Grazing by deer, goats and sheep has been suggested as another reason for the loss of Lime woods. Oliver Rackham describes it as 'relatively unattractive' to deer, but also notes their absence from the New Forest, Epping Forest and the Forest of Dean (a Forest with a capital 'F' is - or was - a royal deer hunting park). Furthermore, in areas of Oak and Beech such as in South Wales and the Avon Gorge, Limes can be found on inaccessible cliffs - suggesting a sensitivity to grazing.
Climate change, conversion to farmland and grazing have probably all contributed to the decline of Lime woods, but the extent of loss remains something of a mystery.
Naturally occurring Common Lime is not at all common and tends to differ slightly from the variety that has been so ubiquitously planted in streets, parks, avenues and churchyards throughout Britain - earning it the 'Common' name. This variety is almost certainly from stock imported from the continent in the mid-seventeenth century. It has a propensity to form suckering shoots at the base and it was learned at an early date that when the tree was felled and the shoots were pegged down, new plants were produced easily and cheaply. However, removal of suckers has also proved to be an onerous maintenance task for municipal authorities where this feature was undesirable.
There has been concern that the nectar from Lime trees is toxic to bees, none more so than Silver Lime and Silver Pendent Lime, beneath which large large numbers of 'drunk' and dead bees have been found. The fear was reinforced by the fact that a tea, tilleul, has long been made from an infusion of the flowers and used to aid sleep - even being recommended as a mild sedative during the war - suggesting narcotic properties. Tea made from the Silver Limes was thought particularly effective. This has led to calls for trees to be removed - or at least not be planted in certain locations. However, research has shown that the phenomenon is a result of bee behaviour rather than toxic nectar. It is bumblebees rather than honey bees that are affected, and the workers only live for a few weeks. Silver Limes flower later than others and the Bumblebee Conservation Trust currently advise: 'There has been a lot of research into the reason why and the current evidence points to the behaviour of bumblebees, and not toxic nectar. For some reason, bumblebees keep feeding upon the flowers, even when nectar runs low. So on hot days, and close to the end of the flowering period, the bumblebees keep feeding, run out of energy, and die. Honeybees, however, seem to realise that there is no nectar left, and will feed upon other flowers instead'.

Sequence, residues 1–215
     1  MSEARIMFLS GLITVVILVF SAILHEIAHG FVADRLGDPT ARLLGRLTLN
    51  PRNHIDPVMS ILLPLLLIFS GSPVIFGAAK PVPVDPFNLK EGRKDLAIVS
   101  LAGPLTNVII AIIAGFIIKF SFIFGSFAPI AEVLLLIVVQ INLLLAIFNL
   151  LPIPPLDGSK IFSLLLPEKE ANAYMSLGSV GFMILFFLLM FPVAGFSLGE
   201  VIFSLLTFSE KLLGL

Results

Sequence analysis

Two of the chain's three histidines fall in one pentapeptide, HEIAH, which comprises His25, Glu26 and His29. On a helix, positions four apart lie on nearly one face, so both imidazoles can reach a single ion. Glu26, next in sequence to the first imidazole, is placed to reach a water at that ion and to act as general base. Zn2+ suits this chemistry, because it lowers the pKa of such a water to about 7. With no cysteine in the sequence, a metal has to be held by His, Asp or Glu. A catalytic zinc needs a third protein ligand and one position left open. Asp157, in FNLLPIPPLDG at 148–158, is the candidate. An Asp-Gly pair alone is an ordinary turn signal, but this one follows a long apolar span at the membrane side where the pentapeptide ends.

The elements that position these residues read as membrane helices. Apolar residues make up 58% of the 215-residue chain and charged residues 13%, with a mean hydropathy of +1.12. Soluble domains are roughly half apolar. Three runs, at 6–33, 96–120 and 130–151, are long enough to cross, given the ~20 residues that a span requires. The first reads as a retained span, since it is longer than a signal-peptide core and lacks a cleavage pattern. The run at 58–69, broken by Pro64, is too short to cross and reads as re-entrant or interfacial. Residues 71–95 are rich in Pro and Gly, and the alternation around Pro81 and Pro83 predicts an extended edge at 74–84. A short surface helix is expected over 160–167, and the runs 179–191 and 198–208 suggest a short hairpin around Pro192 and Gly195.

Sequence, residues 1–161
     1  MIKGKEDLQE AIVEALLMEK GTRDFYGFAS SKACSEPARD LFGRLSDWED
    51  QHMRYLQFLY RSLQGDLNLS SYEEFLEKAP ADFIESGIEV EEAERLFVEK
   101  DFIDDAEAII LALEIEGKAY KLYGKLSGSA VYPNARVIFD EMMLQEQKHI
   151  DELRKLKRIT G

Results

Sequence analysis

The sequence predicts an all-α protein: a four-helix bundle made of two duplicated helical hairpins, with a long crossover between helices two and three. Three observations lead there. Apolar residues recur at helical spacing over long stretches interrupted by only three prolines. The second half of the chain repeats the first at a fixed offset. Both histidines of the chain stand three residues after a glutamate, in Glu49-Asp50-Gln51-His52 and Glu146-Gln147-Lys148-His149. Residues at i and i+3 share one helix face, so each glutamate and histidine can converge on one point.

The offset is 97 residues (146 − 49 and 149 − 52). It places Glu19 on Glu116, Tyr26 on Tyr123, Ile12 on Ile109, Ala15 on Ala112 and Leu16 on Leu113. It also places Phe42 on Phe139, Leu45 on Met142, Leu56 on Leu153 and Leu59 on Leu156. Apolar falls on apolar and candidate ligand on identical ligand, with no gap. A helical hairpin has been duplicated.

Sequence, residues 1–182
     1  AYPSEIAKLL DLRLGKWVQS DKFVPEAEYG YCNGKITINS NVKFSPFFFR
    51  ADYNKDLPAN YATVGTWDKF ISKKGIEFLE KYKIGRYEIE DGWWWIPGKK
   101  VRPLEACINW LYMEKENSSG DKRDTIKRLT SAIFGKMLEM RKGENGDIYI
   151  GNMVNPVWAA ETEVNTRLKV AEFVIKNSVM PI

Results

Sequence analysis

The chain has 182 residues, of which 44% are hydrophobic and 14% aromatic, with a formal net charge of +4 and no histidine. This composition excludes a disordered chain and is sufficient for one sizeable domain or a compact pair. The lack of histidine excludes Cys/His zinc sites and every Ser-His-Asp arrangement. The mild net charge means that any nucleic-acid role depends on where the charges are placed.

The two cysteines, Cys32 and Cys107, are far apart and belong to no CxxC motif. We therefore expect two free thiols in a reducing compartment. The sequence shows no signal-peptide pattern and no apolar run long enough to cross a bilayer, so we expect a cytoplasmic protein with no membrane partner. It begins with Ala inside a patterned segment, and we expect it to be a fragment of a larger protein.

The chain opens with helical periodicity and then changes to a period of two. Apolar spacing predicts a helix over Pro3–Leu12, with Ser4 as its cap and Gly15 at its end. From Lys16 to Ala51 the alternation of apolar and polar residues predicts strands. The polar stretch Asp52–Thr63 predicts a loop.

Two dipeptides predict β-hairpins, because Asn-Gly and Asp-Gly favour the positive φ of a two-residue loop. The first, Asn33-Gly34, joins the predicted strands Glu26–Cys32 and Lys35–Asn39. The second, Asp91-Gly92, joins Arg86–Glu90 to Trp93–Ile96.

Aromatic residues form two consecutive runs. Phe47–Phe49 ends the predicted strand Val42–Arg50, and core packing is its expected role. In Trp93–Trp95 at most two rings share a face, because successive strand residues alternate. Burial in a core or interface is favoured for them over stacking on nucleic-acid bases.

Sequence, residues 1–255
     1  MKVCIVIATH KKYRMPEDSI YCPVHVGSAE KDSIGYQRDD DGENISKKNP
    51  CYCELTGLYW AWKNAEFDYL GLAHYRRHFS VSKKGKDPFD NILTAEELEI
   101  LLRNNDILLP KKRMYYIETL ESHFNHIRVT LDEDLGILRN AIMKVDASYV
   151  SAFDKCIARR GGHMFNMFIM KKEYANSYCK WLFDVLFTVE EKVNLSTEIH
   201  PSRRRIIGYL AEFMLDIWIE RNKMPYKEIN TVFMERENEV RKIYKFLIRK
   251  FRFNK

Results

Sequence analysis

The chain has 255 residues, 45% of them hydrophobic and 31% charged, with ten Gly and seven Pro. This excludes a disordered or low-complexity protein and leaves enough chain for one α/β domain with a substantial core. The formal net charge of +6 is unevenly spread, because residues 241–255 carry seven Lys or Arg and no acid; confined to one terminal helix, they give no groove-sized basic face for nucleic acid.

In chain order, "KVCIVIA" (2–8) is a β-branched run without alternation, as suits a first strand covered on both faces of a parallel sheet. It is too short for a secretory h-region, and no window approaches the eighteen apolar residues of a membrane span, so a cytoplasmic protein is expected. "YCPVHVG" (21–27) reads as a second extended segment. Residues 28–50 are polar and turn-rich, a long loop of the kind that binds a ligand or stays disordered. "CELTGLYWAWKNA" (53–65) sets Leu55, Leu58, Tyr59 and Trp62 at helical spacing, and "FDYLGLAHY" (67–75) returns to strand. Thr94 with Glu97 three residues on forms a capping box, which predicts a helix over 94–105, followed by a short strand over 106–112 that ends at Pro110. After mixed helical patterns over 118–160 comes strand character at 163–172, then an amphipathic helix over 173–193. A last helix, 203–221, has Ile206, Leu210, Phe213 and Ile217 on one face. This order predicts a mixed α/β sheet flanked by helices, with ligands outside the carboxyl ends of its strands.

This blog largely produced from works of Oliver Rackham, Richard Mabey and W J Bean.
More Limes to follow...we would love to include your photographs of Lime species too - please send them to us!
June's Trees of the Month is a two for the price of one: the Snowdrop and Snowbell trees. It is to be a very short blog for the very good reason that I know very little about them - other than that they are beautiful trees that are too infrequently planted and deserve a mention, even if it is a necessarily brief one. They may not smack you in the retina like some of the Cherries, but if grace and elegance are your thing, they might be the trees for you! I find it easy to to confuse the two due to the similarity of their names and also of their flowers, so I for ease I combine them here. In any case, they are both in the family Styracaceae so I have some excuse for doing so.
This is the Japanese Snowbell, Styrax japonica - I think I can be forgiven for confusing it with the Halesias or Snowdrop trees. Although closely related, they are different genera with distinctly different fruit - Styrax fruit being small round dry drupe-like fruit with two seeds.
There are about 130 species of Styrax across America, East Asia and Malaysia and just one native to Europe. Probably the most frequently planted in Britain, and deservedly so, is the Japanese Snowbell, Styrax japonica, a small tree of 10 - 25ft with graceful slender spreading and sometimes drooping branches. The pure white flowers hanging along the undersides of the branches are delightful viewed from beneath. I had the perfect spot for one in my garden, on top of a bank beside a path running alongside the house where, as you passed, you would have a stunning display arching over your head. I duly set out to acquire one about 15 years ago but, given the choice between the Japanese Snowbell and the rarer Hemsley's Snowbell, Styrax Hemsleyana (or, less attractively named Hemsley's Storax), I opted for the Hemsley's for no better reason than that it was rarer - after all it couldn't be that different could it?......